SYNOPSIS: One day, a dying Sifu flees from the Imperial City to a small village. He is found by a humble farmhouse cook named Tu who, at the request of the dying Sifu, must return a very important Kung Fu Academy Tablet to the Sifu's daughter Moli in the Imperial City. Never having been to the city, Tu already gets off to a dangerous start - the old master and his daughter have gone missing! But to keep his promise, Tu has no choice but to stay in the Academy to wait for their return. He's bullied from day one for knowing no kung fu. But serving as a cook there, he picks up some kung fu as the days go by. He meets a mysterious girl (Moli) who identifies herself as Moyan to protect her safety. Tu doesn't know that this girl is the one he's supposed to pass the tablet to. After many misunderstandings, they are finally able to connect - but not before the big bad villain Slash decides to kill Moli and Tu for intervening with his evil plan to take over the entire China.
The question here is what if. What if “Kung Fu Rabbit” comes before Kung Fu Panda? What if “Kung Fu Rabbit” is the official spin-off from the DreamWorks’ franchise? Will it then receive a more stellar response from the general audience?
At the glance of it, “Kung Fu Rabbit” indeed has a lot of similarities to “Kung Fu Panda”. Instead of a rotund panda, we have a rotund rabbit who incidentally finds himself in the pugilist world after stumbling upon a dying master in front of his door step. The innocent rabbit named Tu (Rabbit in Chinese) is entrusted by the master to pass his Kung Fu Academy tablet to his only daughter, Peony who has left to join the circus. But before he breathed his last breath, the master transferred part of his energy and kung fu to Tu whose only speciality skill at this point is making fried cakes.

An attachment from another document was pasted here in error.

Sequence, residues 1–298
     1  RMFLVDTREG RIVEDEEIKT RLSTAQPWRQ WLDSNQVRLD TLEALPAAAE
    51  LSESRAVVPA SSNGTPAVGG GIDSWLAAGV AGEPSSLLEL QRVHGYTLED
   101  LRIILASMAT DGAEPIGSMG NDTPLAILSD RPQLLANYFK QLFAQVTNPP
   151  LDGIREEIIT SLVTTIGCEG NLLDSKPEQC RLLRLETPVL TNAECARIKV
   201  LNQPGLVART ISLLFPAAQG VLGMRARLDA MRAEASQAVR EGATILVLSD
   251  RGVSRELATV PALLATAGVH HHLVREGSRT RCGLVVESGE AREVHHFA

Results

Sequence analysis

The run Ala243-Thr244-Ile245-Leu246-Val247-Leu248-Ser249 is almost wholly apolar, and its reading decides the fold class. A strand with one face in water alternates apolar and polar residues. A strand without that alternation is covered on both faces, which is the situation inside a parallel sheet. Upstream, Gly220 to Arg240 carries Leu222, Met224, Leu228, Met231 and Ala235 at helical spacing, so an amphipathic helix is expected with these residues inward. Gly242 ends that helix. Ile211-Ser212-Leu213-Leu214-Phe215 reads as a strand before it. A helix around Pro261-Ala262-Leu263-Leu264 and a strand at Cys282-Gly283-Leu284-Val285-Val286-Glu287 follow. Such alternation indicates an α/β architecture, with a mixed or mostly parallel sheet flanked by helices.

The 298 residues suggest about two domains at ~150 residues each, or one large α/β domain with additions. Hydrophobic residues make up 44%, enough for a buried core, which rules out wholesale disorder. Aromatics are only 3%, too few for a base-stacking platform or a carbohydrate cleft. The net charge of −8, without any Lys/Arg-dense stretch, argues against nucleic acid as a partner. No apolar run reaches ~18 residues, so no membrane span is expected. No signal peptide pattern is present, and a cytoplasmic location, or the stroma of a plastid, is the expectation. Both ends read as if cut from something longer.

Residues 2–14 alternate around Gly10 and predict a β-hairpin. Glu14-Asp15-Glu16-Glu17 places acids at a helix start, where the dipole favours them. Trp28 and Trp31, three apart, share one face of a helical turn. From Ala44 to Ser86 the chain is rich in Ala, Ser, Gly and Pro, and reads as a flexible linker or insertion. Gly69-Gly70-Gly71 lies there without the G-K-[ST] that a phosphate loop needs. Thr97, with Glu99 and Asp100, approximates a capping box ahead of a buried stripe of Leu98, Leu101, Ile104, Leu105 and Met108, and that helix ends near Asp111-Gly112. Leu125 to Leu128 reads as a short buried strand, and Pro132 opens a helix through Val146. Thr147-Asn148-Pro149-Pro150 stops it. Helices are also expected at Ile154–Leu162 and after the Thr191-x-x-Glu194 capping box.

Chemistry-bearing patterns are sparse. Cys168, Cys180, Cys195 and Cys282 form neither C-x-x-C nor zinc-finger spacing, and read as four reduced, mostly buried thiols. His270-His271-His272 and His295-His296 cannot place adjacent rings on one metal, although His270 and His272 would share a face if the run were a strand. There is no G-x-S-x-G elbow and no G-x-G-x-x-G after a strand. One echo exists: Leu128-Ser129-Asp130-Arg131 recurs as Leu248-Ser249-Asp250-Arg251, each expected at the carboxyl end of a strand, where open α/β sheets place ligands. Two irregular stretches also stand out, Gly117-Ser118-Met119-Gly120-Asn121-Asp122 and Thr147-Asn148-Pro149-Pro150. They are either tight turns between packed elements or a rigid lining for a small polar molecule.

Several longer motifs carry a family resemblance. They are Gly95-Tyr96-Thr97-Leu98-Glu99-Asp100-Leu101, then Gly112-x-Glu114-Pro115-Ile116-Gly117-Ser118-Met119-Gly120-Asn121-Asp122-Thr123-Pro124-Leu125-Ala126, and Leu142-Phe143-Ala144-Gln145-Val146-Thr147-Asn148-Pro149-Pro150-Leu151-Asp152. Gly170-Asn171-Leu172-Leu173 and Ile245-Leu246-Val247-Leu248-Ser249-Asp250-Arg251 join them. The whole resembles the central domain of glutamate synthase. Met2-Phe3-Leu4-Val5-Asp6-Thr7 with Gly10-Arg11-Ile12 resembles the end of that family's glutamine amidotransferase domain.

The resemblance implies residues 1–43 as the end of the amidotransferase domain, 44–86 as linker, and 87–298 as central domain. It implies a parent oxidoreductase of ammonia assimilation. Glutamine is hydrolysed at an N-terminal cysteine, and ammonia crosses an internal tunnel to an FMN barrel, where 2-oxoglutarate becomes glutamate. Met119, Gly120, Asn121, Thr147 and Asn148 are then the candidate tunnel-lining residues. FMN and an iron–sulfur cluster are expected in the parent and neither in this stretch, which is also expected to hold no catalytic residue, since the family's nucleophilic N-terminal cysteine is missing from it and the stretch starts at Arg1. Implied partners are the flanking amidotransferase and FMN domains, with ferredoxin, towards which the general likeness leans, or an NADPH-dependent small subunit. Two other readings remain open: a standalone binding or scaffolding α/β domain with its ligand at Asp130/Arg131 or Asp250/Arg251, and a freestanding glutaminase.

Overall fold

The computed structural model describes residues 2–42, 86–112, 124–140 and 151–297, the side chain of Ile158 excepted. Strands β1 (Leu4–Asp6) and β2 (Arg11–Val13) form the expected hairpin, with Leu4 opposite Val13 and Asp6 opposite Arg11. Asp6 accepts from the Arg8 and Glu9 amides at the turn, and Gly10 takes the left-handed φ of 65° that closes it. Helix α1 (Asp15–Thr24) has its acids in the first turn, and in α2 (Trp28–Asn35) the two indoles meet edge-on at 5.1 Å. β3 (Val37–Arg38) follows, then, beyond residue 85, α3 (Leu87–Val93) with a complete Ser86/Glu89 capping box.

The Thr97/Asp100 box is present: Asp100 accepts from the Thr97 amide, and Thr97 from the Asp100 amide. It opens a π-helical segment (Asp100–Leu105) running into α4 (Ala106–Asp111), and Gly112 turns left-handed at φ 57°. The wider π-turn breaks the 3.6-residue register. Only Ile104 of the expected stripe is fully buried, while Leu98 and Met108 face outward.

The story here is very much predictable, just like a typical martial-arts movie, the main villain, Slash is the one who caused the death of the master and usurp his throne to the Academy and it’s up to Peony and Tu to revenge his death. Despite the digestible running time of 90 minutes, most of the gags and humour fails to entertain and one prolonged segment involving two fumbling robbers at the start sticks out like a sore thumb. Even The voice talents which include Fan Wei voicing Tu, Yan Ni (A Woman, a Gun and a Noodle Shop) for Poeny and veteran Zhang Feng Yi (Red Cliff) lending his villainess to Slash sounds a tad boring.
This US$18 million production from Tianjin, China overall boasts acceptable CG animation values while obviously still a long way to go comparing to a Hollywood production, this one is definitely notches above our local CG production, “Zodiac: The Race Begins”. The quality of the CG characters and backgrounds are pretty uneven and detailing such as animal fur, clothing are sparse and flat.
Yet “Kung Fu Rabbit” is not a total disaster at the end of the day. There are at least a few noteworthy sequences that are at least watchable, one involving Tu doing his graceful routine of cakes frying and a fight sequence which ends with Peony and her sidekick, a tiny rabbit named Biggie escaping on a hang glider. Director Sun Lijin even ropes in a Taiji master for the kung fu choreography for authenticity purposes and the score done by Hong Konger Peter Kam is as good as the one Hans Zimmer did for the Kung Fu franchise.
Given more technological resources and dialogues that needs further polishing; “Kung Fu Rabbit” would have achieved better results. Never mind the filmmakers even tried to take a dig at Kung Fu Panda by making Slash a bear disguising as a panda!
The DVD comes with a trailer and a photo gallery.
The Dolby Digital 2.0 soundtrack is a bit underwhelming during the action sequences and fortunately with the inclusion of English and Chinese subtitles, you won’t be lost amid the heavy Chinese accents. Picture quality is acceptable.
DVD RATING :
Review by Linus Tee